The purpose of the seminars is to bring to the campus persons whose own responsible leadership enables them to help clarify issues of public policy and provide opportunities for students to network and interact with these external experts. Each seminar topic is researched by a group of four to five Garfield Scholars. The research is then shared with the larger group of scholars, compiled and will be presented along with a critique of the seminar to the Advisory Council in May. All of the seminars have been well attended by students, faculty, staff, alumni, and greater community leaders. The Garfield Institute has already been remarkably successful in exposing the local public to thoughtful discussion of public issues and in promoting the aspirations of the Institute’s own students toward careers in public leadership and service.
Please check out the videos of the seminar below.
Dr. Boaz Ganor, Founder & Executive Director, Institute for Counter-Terrorism, Deputy Dean, Lauder School of Government, The Interdisciplinary Center, Herzliya, Israel
Dr. Dalia Dassa Kaye, Director of the Center for Middle East Public Policy, and senior political scientist, RAND Corporation
As seminar focusing on the partisanship of our political system and it’s impact on our future. Please enjoy the videos from the seminar below.
William A. Galston: Ezra Zilkha Chair and Senior Fellow in the Governance Studies Program at The Brookings Institution; former policy advisor to President Clinton and expert on domestic policy, political campaigns, and elections. Galston is the author of eight books and more than 100 articles in the fields of political theory, public policy, and American politics.
Thomas E. Mann: W. Averell Harriman Chair and Senior Fellow in Governance Studies at The Brookings Institution; former Director of Governmental Studies at Brookings and former executive director of the American Political Science Association. In 2008 he and Norman Ornstein published an updated edition of The Broken Branch: How Congress is Failing America and How to Get It Back on Track. Their new book, It’s Even Worse Than It Looks: How the American Constitutional System Collided With the New Politics of Extremism was published in May, 2012.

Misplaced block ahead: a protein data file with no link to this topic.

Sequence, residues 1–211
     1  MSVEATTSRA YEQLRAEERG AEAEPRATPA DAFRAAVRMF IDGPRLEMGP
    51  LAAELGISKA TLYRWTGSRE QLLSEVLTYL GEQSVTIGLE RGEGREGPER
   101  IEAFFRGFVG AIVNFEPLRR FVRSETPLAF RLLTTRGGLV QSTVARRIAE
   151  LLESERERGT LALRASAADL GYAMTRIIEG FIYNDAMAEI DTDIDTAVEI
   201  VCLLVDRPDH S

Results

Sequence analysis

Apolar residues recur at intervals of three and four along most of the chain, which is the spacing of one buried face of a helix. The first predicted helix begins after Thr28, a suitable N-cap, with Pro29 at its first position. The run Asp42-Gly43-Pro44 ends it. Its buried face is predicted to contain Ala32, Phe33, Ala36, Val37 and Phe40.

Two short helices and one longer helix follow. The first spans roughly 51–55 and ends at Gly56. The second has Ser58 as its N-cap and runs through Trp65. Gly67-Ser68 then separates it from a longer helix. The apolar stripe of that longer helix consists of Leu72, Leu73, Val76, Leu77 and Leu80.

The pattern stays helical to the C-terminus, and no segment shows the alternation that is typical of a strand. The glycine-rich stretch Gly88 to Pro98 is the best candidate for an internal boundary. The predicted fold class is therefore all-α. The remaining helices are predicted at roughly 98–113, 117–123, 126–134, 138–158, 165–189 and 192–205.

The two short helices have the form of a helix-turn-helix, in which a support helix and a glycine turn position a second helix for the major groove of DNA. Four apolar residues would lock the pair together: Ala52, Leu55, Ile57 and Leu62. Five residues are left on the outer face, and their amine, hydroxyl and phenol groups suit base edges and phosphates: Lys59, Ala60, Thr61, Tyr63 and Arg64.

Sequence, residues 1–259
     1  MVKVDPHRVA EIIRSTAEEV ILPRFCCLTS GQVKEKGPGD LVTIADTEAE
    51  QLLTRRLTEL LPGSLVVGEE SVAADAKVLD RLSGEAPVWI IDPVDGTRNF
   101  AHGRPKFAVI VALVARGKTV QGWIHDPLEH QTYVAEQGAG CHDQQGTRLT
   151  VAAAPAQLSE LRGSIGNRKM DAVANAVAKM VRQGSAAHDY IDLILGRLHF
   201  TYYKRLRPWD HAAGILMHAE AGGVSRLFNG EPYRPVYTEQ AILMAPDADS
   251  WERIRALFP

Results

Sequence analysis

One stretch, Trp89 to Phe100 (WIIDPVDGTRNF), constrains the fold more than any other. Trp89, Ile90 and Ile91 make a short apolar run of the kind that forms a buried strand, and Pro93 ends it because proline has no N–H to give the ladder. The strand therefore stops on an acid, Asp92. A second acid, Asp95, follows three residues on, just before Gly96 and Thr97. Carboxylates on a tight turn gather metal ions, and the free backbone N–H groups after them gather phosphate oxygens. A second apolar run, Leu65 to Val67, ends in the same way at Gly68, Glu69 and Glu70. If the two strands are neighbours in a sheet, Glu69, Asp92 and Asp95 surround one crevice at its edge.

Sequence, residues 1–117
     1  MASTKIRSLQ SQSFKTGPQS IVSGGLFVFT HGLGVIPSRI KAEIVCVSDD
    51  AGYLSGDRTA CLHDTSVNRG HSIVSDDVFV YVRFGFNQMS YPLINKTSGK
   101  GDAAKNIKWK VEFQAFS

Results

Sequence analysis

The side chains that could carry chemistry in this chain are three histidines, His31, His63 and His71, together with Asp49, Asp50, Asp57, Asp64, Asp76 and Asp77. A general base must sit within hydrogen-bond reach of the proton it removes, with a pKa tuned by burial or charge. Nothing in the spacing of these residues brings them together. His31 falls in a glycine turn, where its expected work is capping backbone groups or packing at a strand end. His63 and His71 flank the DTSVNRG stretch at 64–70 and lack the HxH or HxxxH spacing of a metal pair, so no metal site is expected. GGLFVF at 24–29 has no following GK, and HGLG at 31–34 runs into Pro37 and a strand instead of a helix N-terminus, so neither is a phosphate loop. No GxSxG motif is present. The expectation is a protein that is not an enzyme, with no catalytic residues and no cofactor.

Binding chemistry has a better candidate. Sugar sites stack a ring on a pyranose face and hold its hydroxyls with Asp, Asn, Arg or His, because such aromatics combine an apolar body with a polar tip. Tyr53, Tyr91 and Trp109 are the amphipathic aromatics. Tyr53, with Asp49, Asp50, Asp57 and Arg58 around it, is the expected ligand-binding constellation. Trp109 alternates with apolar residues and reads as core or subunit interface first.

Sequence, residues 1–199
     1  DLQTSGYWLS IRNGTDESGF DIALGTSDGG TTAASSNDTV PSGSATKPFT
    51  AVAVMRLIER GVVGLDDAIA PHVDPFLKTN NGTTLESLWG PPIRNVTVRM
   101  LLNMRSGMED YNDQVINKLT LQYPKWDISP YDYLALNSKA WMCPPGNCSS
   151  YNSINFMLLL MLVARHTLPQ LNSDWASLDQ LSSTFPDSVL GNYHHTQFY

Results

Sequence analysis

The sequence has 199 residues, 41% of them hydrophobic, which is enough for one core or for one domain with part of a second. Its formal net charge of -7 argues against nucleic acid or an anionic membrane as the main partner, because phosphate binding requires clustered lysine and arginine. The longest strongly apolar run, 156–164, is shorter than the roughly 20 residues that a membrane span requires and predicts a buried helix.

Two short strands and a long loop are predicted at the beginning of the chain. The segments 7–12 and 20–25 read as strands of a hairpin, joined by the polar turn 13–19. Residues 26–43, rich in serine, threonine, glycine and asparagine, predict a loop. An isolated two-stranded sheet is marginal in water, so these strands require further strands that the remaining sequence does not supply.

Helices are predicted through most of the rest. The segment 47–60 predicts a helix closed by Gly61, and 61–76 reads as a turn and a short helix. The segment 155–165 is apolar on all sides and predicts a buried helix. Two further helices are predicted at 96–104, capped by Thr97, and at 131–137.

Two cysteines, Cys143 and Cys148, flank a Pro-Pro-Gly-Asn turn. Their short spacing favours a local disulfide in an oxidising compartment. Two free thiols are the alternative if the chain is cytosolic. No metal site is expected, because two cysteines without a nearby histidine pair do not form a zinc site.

The Garfield Student Scholars take on a two-part seminar on the relationship between the United States and China.
Part One: “The Beginning of a Beautiful Friendship? China, the U.S. and the Future of the World’s Most Important Bilateral Economic Relationship,” February 6,2012. Featuring: Zachary Karabell, President of River Twice Research, award winning Portfolio Manager of the China-US Growth Fund, author of Superfusion: How China and American Became One Economy and Why the World’s Prosperity Depends on It.
Part Two: ”Why China Cannot Rise Peacefully,” March 12, 2012. Featuring: John Mearsheimer, R. Wendell Harrison Distinguished Service Professor of Political Science & Co-Director of the Program for International Security Policy, University of Chicago, author of The Tragedy of Great Power Politics.
The Garfield Institute hosted a seminar on Monday, December 5, 2011; the event focused on the issues surrounding the debt issue and how politics has affected the situation. Paul O’Neill, the 72nd United States Secretary of the Treasury, was our keynote speaker. Below are the videos from the event.
The Garfield Institute’s yearly scholar trip to DC was held on October 14-16, 2011. The scholars visited and hosted a Hiram College event at the National City Christian Church. The scholars heard from Professor Allen Peskin about the life of James A. Garfield and what the possibilities would have been for his presidency if he had not been assassinated. The talk is below:
Also here is a article written about the trip from Garfield Scholar Courtney Wade: